Wednesday, July 09, 2008

Jesse Helms, 1921-2008 - no great loss

How's that old joke go? "You should only say good things about the dead. Well, he's dead. Good."

Jesse Helms died on July 4. Some people might say that's fitting, since he was sincerely patriotic. I'm willing to say right now that those people are racist by default.

You have to appreciate that Jesse Helms was a man who stuck to his principles. Sick, twisted, evil principles, but still...

He was so openly racist that people apparently gave him a pass based on... hell, I don't know, entertainment value? They couldn't believe he'd actually said it? He once referred to the University of North Carolina (UNC) as the "University of Negroes and Communists".

He said things like, "To rob the Negro of his reputation of thinking through a problem in his own fashion is about the same as trying to pretend that he doesn't have a natural instinct for rhythm and for singing and dancing."

"The Negro cannot count forever on the kind of restraint that's thus far left him free to clog the streets, disrupt traffic, and interfere with other men's rights."

When a caller to CNN's Larry King Live show praised guest Jesse Helms for "everything you've done to help keep down the niggers," Helms' response was to salute the camera and say, "Well, thank you, I think."

When there were political protests in Mexico, where he was investigating as to whether or not there might be communists in Central America (because he was so talented that he could just sniff them out, apparently), he said "All Latins are volatile people. Hence, I was not surprised at the volatile reaction." (My grandmother used to call them "Latins," too)

Probably his signature quote would have to be "I've been portrayed as a caveman by some. That's not true. I'm a conservative progressive, and that means I think all men are equal, be they slants, beaners or niggers."

But it didn't have to be skin color. He'd cheerfully hate a man for loving another man. "There is not one single case of AIDS in this country that cannot be traced in origin to sodomy."

"I've never heard once in this chamber anybody say to the homosexuals, 'stop what you're doing.' If they would stop what they're doing there would not be one additional case of AIDS in the United State."

"The New York Times and the Washington Post are both infested with homosexuals themselves." He went on to say that the Washington Post "caters to homosexual groups. Just about every person down there is homosexual or lesbian."

He only liked other politicians if they were conservative, and not even all of them. "I didn't come to Washington to be a yes man for any president, Democrat or Republican," he said in an interview in 1989. "I didn't come to Washington to get along and win any popularity contests."

His run-ins with Ted Kennedy were legendary: "Let me adjust my hearing aid. It could not accommodate the decibels of the Senator from Massachusetts. I can't match him in decibels or Jezebels, or anything else apparently."

He once passive-aggressively threatened Bill Clinton, saying that the military hated him (a charge that the military refuted, incidentally). He said that Bill Clinton "better watch out if he comes down here. He'd better have a bodyguard."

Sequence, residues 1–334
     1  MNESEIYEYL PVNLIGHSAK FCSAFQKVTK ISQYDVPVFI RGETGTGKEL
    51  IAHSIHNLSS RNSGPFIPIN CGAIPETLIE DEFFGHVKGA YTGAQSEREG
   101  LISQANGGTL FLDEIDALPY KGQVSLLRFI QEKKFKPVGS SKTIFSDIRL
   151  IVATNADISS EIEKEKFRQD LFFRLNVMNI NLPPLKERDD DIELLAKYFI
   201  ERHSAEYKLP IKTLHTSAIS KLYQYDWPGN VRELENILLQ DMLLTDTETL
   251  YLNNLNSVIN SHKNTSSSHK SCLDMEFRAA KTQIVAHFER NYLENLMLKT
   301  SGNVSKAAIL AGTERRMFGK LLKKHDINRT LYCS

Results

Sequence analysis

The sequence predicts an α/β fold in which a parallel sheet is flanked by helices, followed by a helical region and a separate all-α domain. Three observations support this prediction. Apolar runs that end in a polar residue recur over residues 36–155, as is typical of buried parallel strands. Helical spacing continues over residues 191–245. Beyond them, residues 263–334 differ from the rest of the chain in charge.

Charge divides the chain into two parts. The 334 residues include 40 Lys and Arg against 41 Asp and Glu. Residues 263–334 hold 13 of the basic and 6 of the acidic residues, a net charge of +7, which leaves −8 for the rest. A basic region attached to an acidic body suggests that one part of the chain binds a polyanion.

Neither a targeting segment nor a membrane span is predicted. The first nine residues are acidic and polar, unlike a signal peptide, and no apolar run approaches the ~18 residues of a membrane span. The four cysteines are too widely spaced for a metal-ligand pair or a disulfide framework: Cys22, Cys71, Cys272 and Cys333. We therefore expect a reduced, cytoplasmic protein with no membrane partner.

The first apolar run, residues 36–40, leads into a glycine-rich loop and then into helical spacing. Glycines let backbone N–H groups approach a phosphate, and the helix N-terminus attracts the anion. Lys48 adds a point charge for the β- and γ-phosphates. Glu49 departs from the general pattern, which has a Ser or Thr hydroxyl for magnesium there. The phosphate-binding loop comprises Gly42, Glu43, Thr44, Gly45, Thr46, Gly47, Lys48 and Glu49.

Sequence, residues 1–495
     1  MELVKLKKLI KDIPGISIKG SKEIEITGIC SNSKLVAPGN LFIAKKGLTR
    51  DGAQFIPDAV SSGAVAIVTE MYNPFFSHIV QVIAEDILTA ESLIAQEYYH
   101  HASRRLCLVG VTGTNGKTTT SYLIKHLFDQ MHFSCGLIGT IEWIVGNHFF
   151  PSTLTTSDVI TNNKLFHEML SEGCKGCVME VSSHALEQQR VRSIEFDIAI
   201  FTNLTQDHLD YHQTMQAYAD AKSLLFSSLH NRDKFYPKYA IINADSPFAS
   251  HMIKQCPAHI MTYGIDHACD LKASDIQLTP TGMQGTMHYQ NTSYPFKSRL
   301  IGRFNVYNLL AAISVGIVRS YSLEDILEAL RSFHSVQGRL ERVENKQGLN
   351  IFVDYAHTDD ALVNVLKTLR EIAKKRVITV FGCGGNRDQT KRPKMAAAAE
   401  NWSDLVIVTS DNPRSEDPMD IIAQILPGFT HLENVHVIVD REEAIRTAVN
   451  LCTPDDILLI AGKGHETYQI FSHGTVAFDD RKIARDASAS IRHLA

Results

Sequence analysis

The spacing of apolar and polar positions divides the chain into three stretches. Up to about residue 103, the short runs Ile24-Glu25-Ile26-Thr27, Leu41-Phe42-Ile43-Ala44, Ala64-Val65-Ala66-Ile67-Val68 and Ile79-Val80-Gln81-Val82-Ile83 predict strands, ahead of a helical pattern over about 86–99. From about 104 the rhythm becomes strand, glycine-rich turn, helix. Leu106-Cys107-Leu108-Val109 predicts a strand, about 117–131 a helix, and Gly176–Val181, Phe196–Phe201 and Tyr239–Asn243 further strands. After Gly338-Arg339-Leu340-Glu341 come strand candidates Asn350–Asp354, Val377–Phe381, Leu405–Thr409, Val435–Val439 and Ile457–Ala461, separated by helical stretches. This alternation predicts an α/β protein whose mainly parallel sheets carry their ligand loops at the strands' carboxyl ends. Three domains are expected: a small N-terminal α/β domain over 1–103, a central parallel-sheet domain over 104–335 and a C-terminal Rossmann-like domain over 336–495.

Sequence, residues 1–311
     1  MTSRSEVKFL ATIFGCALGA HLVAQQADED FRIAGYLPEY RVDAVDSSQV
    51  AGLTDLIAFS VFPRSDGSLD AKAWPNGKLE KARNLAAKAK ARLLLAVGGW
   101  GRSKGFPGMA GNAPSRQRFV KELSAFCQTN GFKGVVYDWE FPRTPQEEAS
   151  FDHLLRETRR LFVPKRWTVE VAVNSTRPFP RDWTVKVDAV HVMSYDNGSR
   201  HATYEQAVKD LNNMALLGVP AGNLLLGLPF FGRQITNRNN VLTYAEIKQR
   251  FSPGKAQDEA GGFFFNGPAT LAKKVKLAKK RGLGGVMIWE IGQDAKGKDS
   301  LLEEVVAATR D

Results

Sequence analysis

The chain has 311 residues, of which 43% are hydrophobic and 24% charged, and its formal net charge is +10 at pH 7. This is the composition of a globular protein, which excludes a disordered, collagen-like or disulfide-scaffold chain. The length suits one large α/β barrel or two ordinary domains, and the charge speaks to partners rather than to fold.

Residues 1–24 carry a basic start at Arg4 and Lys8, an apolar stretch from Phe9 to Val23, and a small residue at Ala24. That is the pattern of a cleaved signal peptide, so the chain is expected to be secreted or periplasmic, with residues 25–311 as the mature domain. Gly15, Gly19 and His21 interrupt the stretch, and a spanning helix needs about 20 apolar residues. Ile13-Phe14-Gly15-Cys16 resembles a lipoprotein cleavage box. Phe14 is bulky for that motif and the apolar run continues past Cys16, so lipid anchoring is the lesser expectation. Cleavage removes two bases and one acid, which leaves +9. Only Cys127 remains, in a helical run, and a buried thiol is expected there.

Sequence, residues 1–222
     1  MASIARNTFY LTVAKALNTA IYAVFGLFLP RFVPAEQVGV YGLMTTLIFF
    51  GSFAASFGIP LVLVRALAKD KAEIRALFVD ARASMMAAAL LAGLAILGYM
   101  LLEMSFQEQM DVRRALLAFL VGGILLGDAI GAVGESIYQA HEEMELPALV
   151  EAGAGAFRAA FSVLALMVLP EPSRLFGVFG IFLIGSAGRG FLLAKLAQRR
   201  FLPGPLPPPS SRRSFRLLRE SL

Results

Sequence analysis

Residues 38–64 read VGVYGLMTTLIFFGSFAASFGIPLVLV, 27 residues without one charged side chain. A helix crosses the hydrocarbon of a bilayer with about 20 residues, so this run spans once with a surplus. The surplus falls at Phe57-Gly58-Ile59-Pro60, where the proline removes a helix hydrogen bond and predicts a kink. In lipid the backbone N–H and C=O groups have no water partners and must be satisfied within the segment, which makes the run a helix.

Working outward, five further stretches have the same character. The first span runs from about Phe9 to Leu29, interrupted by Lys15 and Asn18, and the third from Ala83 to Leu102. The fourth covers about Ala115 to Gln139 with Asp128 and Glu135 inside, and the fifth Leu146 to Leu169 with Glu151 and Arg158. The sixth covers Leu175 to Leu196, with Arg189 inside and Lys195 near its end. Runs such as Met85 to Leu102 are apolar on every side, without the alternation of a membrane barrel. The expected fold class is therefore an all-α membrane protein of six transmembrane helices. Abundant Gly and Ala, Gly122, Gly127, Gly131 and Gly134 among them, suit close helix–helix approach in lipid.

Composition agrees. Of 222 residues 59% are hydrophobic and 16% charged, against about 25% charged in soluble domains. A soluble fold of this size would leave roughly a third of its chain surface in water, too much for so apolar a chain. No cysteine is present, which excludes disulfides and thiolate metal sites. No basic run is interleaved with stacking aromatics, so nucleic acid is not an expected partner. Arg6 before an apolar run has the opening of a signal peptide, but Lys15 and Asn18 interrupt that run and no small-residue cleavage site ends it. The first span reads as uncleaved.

But he also once said, " the l8 years and 5 months I've been in the senate, none, none have been more capable than Dan Quayle." Which shows how polarized his thinking was; Quayle was only marginally more literate than George Bush.

About democracy: "Democracy used to be a good thing, but now it has gotten into the wrong hands." (Presumably the hands of slants, beaners, niggers and homosexuals)

He even had room to hate the little things in life: "If God had wanted us to use the metric system, Jesus would have had 10 apostles."

He once sent out a mailer to his constituents that said "Your tax dollars are being used to pay for grade school classes that teach our children that CANNIBALISM, WIFE-SWAPPING, and the MURDER of infants and the elderly are acceptable behavior." (I bet nobody slept through that class.)

I've actually heard the statement "Well, he was racist, but that's a sign of when he was born. He gave up all that later in life." Crap. He just hid it better. He learned not to use racist labels in public, but he still had the philosophy.

He made a TV ad for his 1990 election campaign: it showed a pair of white hands tearing up a rejection letter; the voiceover said, "You needed that job and you were the best qualified. But they had to give it to a minority because of racial quotas. Is that really fair? Harvey Gantt says it is." Harvey Gantt, in case it isn't obvious enough, is black.

When he was opposed by Gantt again in 1996, he paid for a series of ads that accused Gantt of taking advantage of minority privileges to get contracts for his business from the state.

In 1992, when Carol Moseley-Braun became the first black woman to sit in the Senate (and the only black senator at the time), Helms told Orrin Hatch, "Watch me make her cry. I'm going to make her cry. I'm going to sing Dixie until she cries." Then he followed her onto an elevator, talked about how good things were before slavery was abolished, and started singing that great anthem to picking cotton on the plantation, Dixie.

The man was a classless act. I don't think that it's possible to say enough bad things about him. If there is an afterlife and a just God, Helms will hit the Pearly Gates and get handed a shoe-shine kit. And the first pair of shoes he'll shine will be Martin Luther King's. And then maybe Malcolm X.

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